During this time, witnesses at the scene were already seeing a small flame appear at the back of the airship, just in front of the top fin. Within seconds, it apparently burned its way into one of the hydrogen cells, igniting them with a loud blast.

The shock wave from the explosion traveled across the ground, hitting the Presto recorder and bouncing the stylus head, causing it to scratch a deep gouge into the lacquer disk. Immediately Nehlson picked up the stylus and placed it back into position, just in time to record Morrison’s shocked reaction to the explosion: “It burst into flames! It burst into flames, and it’s falling, it’s crashing! Watch it, watch it! Get out of the way!” Turning to Nehlson, he exclaimed, “Get this, Charlie! Get this, Charlie!”, and then turned back to see the flaming wreckage of the Hindenburg falling 300 feet from the sky. “It’s fire, and it’s crashing! It’s crashing, terrible! Oh, my, get out of the way please! It’s burning and bursting into flames and the, and it’s falling on the mooring mast, and all the folks agree that this is terrible, this is one of the worst catastrophes in the world. It’s, it’s, it’s the flames, four or five hundred feet into the sky and it, it’s a terrific crash, ladies and gentlemen. It’s smoke, and it’s flames now, and the frame is crashing to the ground, not quite to the mooring mast.” Then, in what must surely be the most famous phrase in radio history, Morrison continued, “Ohhh, the humanity, and all the passengers screaming around here.”

And then he breaks down, “I can’t talk, ladies and gentlemen. Honest, it’s just laying there, a mass of smoking wreckage. Oh! And everybody can hardly breathe and talk, and the screaming.” Now he bumps into someone running by and says, “Lady, I’m sorry,” before continuing, “Honest, I can hardly breathe. I’m going to step inside where I cannot see it.” At this point, Morrison went inside the building where Nehlson was sitting at the Presto, and remarked to him, “Charlie, that’s terrible.” He then ends with, “I can’t. I, listen, folks, I’m gonna have to stop for a minute because I’ve lost my voice. This is the worst thing I’ve ever witnessed.” A few minutes later, after Morrison regained his composure, they filled several more recording discs with descriptions of the rescue operation and interviews with witnesses. At one point, Morrison learns that there were survivors, and says, “I hope that it isn’t as bad as I made it sound at the very beginning.”

Of the 32 passengers and 61 crewmen aboard, 13 passengers and 21 crew died in the fire, and one member of the New Jersey ground crew was killed by falling debris.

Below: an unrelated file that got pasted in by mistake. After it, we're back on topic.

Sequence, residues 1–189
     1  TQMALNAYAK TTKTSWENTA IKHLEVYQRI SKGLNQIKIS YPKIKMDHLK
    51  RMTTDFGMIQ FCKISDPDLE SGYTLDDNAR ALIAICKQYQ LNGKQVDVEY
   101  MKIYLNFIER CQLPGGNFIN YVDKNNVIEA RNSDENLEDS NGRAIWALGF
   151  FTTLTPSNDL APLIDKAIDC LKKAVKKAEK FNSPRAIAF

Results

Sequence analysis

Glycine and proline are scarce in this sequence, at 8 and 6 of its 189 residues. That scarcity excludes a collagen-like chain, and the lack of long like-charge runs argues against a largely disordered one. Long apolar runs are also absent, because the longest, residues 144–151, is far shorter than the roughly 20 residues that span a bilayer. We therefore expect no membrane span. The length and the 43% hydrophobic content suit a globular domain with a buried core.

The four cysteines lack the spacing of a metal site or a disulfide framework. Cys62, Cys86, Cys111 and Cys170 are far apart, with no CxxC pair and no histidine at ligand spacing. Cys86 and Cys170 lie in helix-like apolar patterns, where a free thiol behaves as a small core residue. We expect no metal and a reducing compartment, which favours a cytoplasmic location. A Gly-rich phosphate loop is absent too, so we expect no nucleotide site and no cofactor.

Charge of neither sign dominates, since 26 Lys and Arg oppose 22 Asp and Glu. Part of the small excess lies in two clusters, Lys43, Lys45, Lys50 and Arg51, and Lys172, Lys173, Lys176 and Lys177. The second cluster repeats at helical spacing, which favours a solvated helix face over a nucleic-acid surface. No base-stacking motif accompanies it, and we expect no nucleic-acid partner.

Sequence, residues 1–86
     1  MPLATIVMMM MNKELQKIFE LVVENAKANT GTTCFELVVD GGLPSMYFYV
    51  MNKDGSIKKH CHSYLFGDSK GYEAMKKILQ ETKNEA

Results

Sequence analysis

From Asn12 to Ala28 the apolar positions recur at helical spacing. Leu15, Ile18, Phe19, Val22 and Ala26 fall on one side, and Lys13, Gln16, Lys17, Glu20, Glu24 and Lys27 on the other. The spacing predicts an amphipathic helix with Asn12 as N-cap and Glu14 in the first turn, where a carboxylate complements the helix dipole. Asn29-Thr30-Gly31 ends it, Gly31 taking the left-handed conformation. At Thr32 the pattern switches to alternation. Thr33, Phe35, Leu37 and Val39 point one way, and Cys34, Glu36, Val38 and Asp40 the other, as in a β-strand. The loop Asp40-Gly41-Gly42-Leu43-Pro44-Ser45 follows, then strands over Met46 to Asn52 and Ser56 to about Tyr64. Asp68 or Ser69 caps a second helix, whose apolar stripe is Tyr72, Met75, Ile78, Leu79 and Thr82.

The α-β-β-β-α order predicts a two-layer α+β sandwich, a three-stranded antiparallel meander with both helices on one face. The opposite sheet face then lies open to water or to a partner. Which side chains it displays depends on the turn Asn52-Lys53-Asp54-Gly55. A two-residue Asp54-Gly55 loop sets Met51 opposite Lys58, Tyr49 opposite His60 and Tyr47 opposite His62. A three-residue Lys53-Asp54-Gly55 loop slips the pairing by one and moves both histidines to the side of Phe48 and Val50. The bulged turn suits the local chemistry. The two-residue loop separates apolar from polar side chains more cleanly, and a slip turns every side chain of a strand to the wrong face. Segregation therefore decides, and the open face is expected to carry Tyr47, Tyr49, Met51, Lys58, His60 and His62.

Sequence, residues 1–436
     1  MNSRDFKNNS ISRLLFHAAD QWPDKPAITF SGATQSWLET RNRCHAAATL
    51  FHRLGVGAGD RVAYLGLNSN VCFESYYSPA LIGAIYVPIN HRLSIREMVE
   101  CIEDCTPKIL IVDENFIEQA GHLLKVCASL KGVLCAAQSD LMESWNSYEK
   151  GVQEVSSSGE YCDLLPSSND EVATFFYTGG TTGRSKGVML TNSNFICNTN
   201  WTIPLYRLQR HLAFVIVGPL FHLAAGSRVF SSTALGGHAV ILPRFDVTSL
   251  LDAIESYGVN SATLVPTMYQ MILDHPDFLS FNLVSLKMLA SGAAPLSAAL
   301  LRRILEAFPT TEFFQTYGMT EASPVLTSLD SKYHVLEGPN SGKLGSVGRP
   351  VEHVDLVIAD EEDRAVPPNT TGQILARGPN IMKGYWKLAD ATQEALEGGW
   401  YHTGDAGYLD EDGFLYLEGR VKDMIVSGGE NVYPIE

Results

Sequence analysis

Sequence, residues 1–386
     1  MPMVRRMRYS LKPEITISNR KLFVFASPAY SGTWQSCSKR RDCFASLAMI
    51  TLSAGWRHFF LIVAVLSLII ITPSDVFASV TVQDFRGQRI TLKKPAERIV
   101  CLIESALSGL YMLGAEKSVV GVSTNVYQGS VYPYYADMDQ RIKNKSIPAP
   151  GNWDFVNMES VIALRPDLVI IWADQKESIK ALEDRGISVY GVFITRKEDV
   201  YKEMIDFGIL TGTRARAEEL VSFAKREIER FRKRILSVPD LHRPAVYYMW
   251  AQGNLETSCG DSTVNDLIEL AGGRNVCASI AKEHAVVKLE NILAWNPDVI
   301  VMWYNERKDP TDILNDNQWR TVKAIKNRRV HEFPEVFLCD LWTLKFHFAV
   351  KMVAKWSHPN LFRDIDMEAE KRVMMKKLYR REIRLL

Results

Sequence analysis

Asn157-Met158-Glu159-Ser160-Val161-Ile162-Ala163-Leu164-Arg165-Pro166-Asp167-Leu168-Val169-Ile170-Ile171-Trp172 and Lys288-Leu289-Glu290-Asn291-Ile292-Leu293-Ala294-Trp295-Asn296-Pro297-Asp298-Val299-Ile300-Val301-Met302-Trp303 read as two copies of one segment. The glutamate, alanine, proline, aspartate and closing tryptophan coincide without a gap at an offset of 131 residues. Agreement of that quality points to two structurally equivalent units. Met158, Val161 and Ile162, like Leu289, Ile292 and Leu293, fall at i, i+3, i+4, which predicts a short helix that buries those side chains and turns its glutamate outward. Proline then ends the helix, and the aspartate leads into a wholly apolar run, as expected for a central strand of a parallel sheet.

Morrison and Nehlson knew that they had a dramatic radio story on their disks, but they almost lost it. The Nazi government had immediately dispatched embassy staff from New York to the crash site: their fear was that the airship had been sabotaged as an anti-Nazi political act, and they wanted to control the situation and carry out their own crash investigation. When the Germans heard that somebody had been recording the whole thing, they immediately went looking for the radio reporter and tried to confiscate the recorded disks. Morrison distracted them while Nehlson hurriedly packed up the Presto machine and the disks and slipped away. Later that night, the pair got on board an American Airlines plane and flew back to Chicago. Breaking its policy against airing pre-recorded stories, WLS broadcast the entire contents of all Morrison’s disks, then hastily edited together a shorter version, recorded that onto another disk, and flew it to New York, where it was aired on the NBC evening news the next day as the first simultaneous coast-to-coast radio broadcast.

Today, Morrison’s audio is most often heard as an overlay with the newsreel footage that was also shot at the time, but in reality the newsreel was taken by a different company, and when it appeared in theaters it had its own audio commentary that was recorded in a studio. Most renditions of Morrison’s audio, in addition, are inaccurate: the Presto 6D was recording about 3% too slow, so when the audio is played at normal speed, it makes Morrison’s voice sound higher-pitched than it actually was.

WLS later donated the original recorded disks to the National Archives in Washington DC, where they remain today.




6 thoughts on “The “Hindenburg” Recording”

  1. That’s a great post; I don’t think I’d ever read any of those details, and had always assumed the newsreel was being narrated live — which really would have been a rare thing for the time, though, with the equipment available, right? Looking at images of that recorder…jeez, what a chunk of hardware (btw, another interesting historical tidbit is how Bing Crosby brought German magnetic tape recording to America).

    The PBS series “History Detectives” did a neat story on the Hburg:

  2. I am very interested in this story as my grandfather was a BBC sound engineer during the 30’s and I have inherited from him a BBC 78 rpm 12″ vinyl dated 7.5.37, the day after the event.